Mobile batteries become prime target for hackers
The juice packs could broadcast information about their users that even the hard drive can't
Batteries have become a new security risk for smartphone users, with a group of security researchers saying they are able to transmit personal data to hackers.
Lukasz Olejnik, Gunes Acar, Claude Castelluccia and Claudia Diaz have written a paper outlining the risks, saying a piece of software used in the HTML5 web language transmits data such as how much power is still left in a battery so websites using the code can save power while browsing.
However, it can also be used maliciously to track people as they navigate around the web, revealing which sites they visit and what kind of data they are inputting.
Unlike other actions carried out on a mobile, such as downloading an application, you don't have to grant HTML5 permission to pass this information onto the wider world. Therefore, a smartphone will respond to battery information requests without checking with you whether that's OK.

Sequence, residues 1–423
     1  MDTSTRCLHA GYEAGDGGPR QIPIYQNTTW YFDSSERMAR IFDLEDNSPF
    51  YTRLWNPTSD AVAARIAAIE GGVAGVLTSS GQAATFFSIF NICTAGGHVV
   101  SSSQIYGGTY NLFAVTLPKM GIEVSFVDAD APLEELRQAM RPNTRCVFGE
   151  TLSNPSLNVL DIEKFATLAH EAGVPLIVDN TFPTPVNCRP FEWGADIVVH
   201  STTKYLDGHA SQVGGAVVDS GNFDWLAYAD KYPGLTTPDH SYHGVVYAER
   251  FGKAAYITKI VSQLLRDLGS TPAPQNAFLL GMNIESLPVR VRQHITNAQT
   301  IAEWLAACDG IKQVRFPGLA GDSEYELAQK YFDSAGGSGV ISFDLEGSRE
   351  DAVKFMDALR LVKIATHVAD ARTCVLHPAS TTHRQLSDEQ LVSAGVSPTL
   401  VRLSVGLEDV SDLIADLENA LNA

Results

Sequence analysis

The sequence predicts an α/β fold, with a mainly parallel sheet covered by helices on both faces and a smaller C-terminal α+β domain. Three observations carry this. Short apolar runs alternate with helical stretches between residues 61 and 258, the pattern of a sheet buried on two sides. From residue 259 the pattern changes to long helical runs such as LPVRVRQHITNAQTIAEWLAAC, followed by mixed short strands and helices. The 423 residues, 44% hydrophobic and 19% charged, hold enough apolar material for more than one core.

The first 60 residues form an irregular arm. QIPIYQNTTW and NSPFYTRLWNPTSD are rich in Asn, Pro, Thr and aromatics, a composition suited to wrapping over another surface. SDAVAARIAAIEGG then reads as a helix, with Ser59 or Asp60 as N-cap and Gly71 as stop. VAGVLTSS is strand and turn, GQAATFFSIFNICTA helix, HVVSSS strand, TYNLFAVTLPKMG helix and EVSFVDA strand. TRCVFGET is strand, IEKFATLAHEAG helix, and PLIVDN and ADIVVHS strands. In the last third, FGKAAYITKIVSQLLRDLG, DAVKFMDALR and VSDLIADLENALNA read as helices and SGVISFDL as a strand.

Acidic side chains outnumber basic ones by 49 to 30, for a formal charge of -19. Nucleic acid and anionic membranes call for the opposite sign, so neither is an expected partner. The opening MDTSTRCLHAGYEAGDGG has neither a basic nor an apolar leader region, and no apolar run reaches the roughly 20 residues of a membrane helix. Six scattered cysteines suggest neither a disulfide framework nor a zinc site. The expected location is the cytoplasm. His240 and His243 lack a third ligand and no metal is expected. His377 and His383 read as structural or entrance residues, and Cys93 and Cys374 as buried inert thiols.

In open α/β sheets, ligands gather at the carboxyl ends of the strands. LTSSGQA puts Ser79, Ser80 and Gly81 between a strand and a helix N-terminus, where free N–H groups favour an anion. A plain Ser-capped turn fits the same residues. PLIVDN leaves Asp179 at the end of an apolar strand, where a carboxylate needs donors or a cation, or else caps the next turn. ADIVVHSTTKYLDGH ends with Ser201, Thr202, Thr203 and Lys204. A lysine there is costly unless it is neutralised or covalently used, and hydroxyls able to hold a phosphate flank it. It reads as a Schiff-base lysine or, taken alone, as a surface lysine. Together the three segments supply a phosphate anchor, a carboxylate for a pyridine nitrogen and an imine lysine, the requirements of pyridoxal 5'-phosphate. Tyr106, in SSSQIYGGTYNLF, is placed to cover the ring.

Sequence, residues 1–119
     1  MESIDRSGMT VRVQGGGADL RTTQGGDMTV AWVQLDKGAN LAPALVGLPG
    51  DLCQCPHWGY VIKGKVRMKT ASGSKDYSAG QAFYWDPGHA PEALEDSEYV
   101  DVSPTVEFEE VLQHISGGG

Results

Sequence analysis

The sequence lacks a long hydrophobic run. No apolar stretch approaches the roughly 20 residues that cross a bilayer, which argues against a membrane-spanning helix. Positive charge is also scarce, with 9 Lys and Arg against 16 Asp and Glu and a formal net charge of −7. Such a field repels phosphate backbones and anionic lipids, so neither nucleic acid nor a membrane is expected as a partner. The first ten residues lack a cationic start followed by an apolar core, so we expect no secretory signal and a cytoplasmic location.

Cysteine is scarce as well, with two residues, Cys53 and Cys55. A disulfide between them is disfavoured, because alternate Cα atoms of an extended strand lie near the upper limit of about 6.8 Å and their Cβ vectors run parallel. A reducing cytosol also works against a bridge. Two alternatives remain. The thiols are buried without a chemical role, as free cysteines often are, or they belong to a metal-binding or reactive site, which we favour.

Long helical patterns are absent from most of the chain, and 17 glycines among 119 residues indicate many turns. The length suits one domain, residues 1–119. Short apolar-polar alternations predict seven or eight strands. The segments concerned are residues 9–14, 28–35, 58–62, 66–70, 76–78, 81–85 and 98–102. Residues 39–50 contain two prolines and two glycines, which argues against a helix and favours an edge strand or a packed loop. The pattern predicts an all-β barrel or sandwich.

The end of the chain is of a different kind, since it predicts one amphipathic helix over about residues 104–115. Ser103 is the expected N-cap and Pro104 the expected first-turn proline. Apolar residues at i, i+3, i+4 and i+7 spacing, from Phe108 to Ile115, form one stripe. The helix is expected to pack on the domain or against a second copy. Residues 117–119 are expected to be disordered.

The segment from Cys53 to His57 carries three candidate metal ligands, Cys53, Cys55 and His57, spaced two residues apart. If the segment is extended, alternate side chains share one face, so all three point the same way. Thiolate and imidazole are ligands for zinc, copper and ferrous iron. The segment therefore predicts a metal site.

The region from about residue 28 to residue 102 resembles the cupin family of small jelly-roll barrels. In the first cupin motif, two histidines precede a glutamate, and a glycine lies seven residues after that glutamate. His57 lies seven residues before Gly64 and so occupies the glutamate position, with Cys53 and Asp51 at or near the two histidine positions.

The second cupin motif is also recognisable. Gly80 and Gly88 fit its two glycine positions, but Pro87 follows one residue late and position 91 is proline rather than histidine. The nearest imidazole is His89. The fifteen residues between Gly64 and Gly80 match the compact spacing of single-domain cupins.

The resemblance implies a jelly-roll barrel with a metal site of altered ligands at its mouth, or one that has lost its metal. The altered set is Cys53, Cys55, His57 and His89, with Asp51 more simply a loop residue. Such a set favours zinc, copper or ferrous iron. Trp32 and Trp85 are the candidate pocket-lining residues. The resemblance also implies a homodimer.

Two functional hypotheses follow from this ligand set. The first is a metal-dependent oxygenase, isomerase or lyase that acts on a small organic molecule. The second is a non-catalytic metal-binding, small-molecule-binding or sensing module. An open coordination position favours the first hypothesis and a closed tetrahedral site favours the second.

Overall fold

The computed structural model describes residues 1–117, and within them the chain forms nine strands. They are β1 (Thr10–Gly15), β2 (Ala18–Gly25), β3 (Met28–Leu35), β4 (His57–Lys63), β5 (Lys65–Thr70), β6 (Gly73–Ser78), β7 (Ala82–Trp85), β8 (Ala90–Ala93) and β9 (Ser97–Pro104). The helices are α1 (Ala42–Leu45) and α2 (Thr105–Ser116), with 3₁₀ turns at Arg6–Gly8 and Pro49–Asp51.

As a user navigates around different mobile websites, this information will be transmitted from each site using HTML, meaning intelligent hackers could learn quite a lot about the owner.
And, unlike the security measures put in place by private browsers and VPNs, this HTML5 bug will let the internet know where you've been thanks to the hole that hasn't been patched.
The researchers argued in their paper that smartphone users should be able to grant or deny permission for this data to be broadcast, leaving it down to them whether their battery power is preserved when accessing certain websites or not. They should also be given more information about the type of data transmitted by their phone's battery, the researchers said.
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